When you look through the Ordnance Survey maps for the locations described, a lot of them could loosely be described as a limb type outgrowth from a hill or mountain. However, it isn't immediately obvious when you visit a few of the places, as I have, that are called just "Shank", why this would apply. In fact a confluence in a running beck might just as well apply. I suppose from the dictionary definition you could also apply a place that is common for walking, sheep farming or a place where armaments were made. In the latter case I have read of William Wallace secreting his armies away in forests and producing the common weaponry of the day such as pikes and lances.
During my early correspondence with Anne she had stated "I'm basically quite perplexed by the frequency of the Shankland name in the Celtic fringes of the UK when there were hardly any in England until comparatively recently". With this in mind I chose to investigate the possible Gaelic heritage of the name. There is a Gaelic Public Information Service, as part of the Scottish Parliament, which issues translations of Scottish place names to and from Gaelic. They publish these lists on their website and did not include an entry for the word "shank". I sent off a tentative enquiry to a woman who works there and managed to strike up some rapport as her name was Sarah Gundry, my wife being called Sara Grundy. Being as the enquiry was family history based and there was a possible connection between our ancestries she helpfully proffered this information :-
"A shim a charaid, Simon ... "Shank" is a Scots word meaning "leg", but I remember that there is also a Gaelic word which is pronounced "shank": "seang". As a verb it means "to make or grow slender", and now used to mean "to diet". As an adjective, it means "slender, hungry, gaunt, small-bellied, nimble".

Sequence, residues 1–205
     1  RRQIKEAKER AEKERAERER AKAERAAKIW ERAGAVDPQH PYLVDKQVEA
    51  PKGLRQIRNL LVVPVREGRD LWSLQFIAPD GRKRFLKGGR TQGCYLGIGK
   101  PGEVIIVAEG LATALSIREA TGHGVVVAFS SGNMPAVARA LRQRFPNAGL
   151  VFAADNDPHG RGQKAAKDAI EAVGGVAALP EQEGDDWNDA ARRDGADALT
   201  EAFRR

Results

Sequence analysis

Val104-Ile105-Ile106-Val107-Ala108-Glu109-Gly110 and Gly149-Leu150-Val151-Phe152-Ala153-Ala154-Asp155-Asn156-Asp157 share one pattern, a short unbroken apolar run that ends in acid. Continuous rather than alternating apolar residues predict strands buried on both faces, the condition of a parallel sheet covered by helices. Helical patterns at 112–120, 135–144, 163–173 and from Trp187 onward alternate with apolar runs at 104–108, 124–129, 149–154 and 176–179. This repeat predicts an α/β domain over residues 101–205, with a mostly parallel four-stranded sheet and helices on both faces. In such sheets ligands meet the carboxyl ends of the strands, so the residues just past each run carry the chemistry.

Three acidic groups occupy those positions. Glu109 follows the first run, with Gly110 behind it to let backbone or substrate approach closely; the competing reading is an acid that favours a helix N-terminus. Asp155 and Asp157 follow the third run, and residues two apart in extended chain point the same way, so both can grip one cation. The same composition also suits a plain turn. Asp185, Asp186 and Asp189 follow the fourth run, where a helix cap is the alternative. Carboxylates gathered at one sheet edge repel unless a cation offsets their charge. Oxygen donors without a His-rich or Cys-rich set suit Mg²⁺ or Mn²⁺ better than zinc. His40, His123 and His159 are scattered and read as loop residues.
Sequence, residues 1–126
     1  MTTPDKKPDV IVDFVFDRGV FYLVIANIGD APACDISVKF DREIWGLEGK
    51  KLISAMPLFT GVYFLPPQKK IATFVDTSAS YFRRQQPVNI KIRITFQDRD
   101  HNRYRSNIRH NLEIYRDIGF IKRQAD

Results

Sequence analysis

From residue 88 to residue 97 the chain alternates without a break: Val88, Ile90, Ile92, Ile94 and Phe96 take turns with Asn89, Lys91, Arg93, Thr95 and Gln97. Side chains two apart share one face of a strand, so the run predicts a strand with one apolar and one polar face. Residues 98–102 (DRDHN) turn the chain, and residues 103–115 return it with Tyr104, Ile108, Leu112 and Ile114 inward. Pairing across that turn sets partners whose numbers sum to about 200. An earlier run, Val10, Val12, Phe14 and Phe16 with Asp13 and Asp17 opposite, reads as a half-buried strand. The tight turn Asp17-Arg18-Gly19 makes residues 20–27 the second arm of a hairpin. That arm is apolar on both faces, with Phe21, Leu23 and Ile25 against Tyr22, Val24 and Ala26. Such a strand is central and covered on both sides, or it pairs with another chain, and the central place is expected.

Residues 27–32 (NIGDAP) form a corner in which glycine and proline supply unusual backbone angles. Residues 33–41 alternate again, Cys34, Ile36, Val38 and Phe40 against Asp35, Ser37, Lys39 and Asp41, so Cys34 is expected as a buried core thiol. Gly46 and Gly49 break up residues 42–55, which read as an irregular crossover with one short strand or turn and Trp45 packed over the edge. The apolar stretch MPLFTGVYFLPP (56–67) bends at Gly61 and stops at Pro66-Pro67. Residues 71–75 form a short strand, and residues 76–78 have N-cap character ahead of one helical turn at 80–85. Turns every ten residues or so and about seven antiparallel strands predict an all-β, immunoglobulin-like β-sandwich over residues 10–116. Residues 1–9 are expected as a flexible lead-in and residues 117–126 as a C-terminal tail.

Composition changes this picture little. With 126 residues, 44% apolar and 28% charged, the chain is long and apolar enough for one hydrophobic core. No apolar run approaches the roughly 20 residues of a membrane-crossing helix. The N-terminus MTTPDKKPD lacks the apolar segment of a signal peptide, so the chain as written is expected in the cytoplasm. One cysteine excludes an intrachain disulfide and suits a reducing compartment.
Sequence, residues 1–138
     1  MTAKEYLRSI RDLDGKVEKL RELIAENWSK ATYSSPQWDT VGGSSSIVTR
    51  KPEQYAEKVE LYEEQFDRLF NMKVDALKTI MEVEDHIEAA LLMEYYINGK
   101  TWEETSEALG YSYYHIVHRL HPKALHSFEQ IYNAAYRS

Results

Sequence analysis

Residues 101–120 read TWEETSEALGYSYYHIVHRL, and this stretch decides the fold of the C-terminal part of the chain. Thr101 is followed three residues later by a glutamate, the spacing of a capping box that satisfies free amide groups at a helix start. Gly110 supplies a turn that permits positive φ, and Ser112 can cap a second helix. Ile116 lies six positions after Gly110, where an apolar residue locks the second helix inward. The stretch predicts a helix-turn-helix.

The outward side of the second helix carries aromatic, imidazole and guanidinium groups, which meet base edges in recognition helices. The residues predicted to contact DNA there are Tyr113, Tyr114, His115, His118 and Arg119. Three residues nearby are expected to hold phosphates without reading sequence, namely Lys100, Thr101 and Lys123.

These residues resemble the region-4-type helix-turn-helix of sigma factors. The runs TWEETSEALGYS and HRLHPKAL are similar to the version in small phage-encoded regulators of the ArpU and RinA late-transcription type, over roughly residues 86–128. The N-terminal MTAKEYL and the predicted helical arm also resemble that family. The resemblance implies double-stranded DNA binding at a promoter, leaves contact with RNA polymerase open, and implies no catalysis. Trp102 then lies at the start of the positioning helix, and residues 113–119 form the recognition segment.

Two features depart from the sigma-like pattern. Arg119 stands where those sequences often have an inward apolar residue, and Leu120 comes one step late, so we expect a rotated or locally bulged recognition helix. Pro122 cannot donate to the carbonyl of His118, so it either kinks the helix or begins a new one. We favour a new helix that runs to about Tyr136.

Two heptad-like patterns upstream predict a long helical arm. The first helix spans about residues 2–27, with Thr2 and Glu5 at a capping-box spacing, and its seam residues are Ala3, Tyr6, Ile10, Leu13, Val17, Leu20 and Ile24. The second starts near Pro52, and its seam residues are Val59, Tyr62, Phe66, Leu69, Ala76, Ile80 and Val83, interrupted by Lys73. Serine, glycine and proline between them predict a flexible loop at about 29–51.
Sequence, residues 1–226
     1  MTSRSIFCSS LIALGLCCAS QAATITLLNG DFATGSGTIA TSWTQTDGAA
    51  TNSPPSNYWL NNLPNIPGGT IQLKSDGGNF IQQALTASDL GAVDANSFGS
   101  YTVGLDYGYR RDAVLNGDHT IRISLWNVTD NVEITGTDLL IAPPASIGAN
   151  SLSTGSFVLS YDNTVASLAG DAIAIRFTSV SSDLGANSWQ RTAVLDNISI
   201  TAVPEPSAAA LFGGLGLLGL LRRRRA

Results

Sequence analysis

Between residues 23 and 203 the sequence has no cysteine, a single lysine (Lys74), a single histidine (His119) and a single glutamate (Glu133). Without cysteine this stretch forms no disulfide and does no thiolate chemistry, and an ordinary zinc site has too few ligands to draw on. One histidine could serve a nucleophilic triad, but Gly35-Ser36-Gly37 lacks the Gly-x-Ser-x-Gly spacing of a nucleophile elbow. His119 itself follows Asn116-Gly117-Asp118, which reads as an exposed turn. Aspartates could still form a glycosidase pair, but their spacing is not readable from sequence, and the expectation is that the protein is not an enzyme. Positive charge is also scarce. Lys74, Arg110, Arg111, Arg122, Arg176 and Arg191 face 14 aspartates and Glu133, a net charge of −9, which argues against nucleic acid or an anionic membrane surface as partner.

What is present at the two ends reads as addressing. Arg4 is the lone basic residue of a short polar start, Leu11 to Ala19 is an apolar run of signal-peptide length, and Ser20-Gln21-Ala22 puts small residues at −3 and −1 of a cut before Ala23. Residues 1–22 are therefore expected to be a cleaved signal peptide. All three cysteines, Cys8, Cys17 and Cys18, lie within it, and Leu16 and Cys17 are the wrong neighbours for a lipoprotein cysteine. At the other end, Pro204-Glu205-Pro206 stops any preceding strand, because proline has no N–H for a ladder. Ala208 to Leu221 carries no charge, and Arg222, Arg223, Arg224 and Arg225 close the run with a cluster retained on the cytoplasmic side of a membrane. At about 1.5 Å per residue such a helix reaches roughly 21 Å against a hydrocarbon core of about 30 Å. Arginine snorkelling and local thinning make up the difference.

But as a noun, it means "a roebuck". This is not in common usage now, but I remember it used in Donnchadh Ban Mac an t-Saoir's 18th Century Gaelic poetry (see http://www.slainte.org.uk/scotauth/macindsw.htm)
Le gach deagh dhurachd, Sarah.
P.S. my surname Gundry is Cornish meaning "Homestead on the Heath", where does Grundy come from ?"
This opened another can of worms and could be other plausible explanations of the name. Another tenuous link between my Paternal and Maternal surnames comes from my belief that Grundy comes from the Anglo-Saxon for "Founder" and shares a similar etymology with the word "Ground". However, on the Shanks Family History website it claims "First found in Midlothian where the family has been seated from very ancient times where they were designated as 'Shank of that Ilk' meaning an ancient Clan who possessed lands of that same name." A similar name then, but this did seem to be too easy as if it was conveniently pasted on to a coat of arms and sold to the nearest Shanks punter.
I was envious of Sarah's positive approach to her surname, with its accepted meaning of "Homestead on the Heath" - done and dusted, move on!
Having explored most of the first three categories of surnames, the final one to consider is that of "Nickname". The reader might recall that predominantly Shanklands live on the border of Scotland or in South Wales. Although again probably abhorrent to my Scottish Grandparents, could it be that their name heralds from King Edward I, "The Hammer of the Scots" or "Longshanks" as he was alternatively known. The theory is not without merit and gives the surname a certain kudos by its blockbuster film portrayal in Best Picture Oscar Winner Braveheart. It's a film I really like but although it's good it is erroneous. In my opinion, both King Edward I and Robert the Bruce are portrayed in a bad light to enhance Wallace's reputation. Shanklanders can be rightly proud of their portrayal, as it is from their ancient seat that Mel Gibson rushes to protect the honour of his bride following Longshanks' granting of prima nocte.